[0035]FIG. 4 shows a specific example of the power generating mechanism 20. One end of the antenna 9′ is equipped with a rack 31. The teeth 32 of the rack 31 mesh with teeth 33 of the gear 35. The antenna is mounted with respect to the device body for linear movement. The gear 35 is linked to a generator 37, whereby linear movement of the rack 31 rotates the gear 35 and generator 37 to supply power via the generator 37 for wireless device operation. The gear 35 and generator 37 are also mounted to the device body for movement about the gear/generator axis.
  • [0036]
    [0036]FIG. 5 shows yet another embodiment wherein the wireless device 10′ uses a piezoelectric power generating mechanism. The button 41 is depressed to generate power in a similar fashion as the keyboard element of Henty. Since it is known to generate power using piezoelectric elements in this fashion, a description of the circuitry is not deemed necessary for understanding of the invention. The power generated by the Henty device to recharge a laptop battery is believed to be sufficient to provide sufficient power to at least make one call on the wireless device. As noted above, the power generation mechanism of FIG. 5 is one example, but the invention is not so limited. While a separate button 41 is illustrated, one of the numeric keypads 43 could be used, or another keypad such as a menu keypad 45 could also be employed for power generation.
  • [0037]
    Typically, the rechargeable batteries in wireless devices are rated at 3-4 volts and 300-800 milliamps, and the mechanical power generator should easily supply this type of power. For example, the generator of Johnson et al. is designed to supply 6.0 amperes at about 3 volts in order to power the flashlight bulb rated at 0.3 amperes at 2.47 volts for 10 minutes. Since far less than 10 minutes would be needed in an emergency situation with a wireless device to make a call, much less power needs to be generated for making one wireless call, and the mechanism would not have to be as cumbersome as that disclosed in Johnson et al.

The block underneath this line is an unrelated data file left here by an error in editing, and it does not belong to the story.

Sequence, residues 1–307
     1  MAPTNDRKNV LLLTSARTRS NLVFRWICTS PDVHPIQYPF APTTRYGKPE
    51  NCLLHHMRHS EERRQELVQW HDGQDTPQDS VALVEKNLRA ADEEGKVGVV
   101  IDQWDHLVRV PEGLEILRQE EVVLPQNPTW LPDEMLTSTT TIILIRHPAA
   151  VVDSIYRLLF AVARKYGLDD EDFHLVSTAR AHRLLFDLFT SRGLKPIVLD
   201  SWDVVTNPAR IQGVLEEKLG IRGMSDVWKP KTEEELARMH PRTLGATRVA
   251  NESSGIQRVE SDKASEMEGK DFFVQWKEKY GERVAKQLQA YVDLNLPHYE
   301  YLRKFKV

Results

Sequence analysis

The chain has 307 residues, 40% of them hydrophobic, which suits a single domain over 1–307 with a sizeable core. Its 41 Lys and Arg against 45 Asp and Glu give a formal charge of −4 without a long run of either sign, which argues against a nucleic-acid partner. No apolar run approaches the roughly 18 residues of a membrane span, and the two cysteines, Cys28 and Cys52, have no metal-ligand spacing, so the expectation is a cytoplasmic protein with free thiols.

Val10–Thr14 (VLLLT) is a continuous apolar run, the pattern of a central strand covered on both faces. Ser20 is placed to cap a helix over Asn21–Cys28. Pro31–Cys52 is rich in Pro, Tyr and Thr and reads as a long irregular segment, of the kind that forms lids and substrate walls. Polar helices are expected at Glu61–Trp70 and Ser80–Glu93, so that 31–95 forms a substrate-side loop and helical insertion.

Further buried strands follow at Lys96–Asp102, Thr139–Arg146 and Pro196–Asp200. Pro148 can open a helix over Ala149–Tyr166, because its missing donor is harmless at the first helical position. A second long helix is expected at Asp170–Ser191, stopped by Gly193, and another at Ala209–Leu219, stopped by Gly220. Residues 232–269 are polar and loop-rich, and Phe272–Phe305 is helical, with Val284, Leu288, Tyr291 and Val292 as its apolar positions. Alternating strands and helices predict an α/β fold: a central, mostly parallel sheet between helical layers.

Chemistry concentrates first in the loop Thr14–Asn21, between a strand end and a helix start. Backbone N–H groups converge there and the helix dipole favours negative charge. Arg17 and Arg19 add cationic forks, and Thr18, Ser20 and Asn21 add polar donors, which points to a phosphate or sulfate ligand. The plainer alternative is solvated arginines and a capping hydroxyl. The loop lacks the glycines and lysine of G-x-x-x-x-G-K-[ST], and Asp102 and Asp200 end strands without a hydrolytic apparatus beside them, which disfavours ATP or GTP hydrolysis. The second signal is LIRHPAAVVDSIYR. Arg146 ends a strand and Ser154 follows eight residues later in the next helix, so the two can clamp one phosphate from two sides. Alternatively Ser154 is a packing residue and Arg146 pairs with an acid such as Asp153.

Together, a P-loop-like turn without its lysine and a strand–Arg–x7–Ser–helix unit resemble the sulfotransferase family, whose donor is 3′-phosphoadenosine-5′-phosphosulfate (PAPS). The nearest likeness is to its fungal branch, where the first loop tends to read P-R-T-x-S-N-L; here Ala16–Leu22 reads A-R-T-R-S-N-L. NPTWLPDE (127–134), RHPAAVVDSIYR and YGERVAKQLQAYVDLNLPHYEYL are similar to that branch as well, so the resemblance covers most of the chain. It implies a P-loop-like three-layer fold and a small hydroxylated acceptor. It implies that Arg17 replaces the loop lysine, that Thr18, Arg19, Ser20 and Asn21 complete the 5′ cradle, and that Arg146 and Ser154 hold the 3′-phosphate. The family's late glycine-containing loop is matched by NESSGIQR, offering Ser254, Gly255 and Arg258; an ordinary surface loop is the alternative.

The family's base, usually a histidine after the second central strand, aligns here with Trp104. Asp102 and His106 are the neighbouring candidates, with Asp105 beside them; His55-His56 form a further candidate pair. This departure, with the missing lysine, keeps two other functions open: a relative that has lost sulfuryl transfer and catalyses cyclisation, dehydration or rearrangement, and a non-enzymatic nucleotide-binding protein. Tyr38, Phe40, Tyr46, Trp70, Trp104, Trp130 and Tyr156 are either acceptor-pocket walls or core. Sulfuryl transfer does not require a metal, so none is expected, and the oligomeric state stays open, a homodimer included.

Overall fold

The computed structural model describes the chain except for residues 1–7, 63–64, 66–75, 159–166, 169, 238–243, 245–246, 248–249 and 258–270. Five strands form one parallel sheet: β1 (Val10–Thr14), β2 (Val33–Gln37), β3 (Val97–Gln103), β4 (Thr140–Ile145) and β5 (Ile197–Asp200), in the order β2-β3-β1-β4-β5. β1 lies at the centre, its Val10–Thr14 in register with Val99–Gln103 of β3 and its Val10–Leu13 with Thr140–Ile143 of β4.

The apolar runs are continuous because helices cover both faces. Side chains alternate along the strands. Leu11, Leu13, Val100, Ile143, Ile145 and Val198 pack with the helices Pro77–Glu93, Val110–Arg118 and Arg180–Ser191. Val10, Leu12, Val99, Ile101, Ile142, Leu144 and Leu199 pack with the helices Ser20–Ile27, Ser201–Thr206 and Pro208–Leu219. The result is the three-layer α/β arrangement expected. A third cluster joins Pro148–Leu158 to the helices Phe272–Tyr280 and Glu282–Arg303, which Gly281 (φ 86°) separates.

• [0038]
    While conventional cell phones are shown as typical wireless devices, it is believed that any wireless device capable of sending/receiving a signal, e.g., a palm pilot or the like, could also be used.
  • [0039]
    As noted above, the invention is useful when a wireless communication device becomes non-functional because of a discharged battery. Other examples include ones where the battery may be missing. Further yet, the battery may be charged, but the battery circuitry and/or wiring supplying the device circuitry with power from the battery may be faulty. Circuitry that would bypass the battery and be used for sending a call would also avoid this signal transmission problem.
  • [0040]
    As noted above, the invention involves a first set of power generating mechanisms that function in a dual capacity in that they operate as part of the wireless device. These include keypad covers, antenna, battery covers which can be pivoted back and forth or moved linearly just like the keypads or antennas, buttons, including those on the keypad, and others such as on-off buttons, etc. These generating devices could be mechanical such as those associated with the keypad cover or antenna, or piezoelectric such as keypad buttons or the like.
  • [0041]
    Alternatively, a second set of power generating mechanisms could be provided which are independent of those components that function to operate the wireless device. For example, a separate crank or lever could be provided whose sole function is to provide the necessary energy to send a signal or recharge the battery. Likewise, a separate piezoelectric element could be employed whose sole function is to provide power when the battery is discharged. However, it is preferred that the power generating mechanism is one that has a dual capacity. In this instance, it is only necessary to supply the mechanism with the components to translate the motion to the power generator, and it is not necessary to supply an additional component that must be worked by a user, i.e., a separate crank or lever.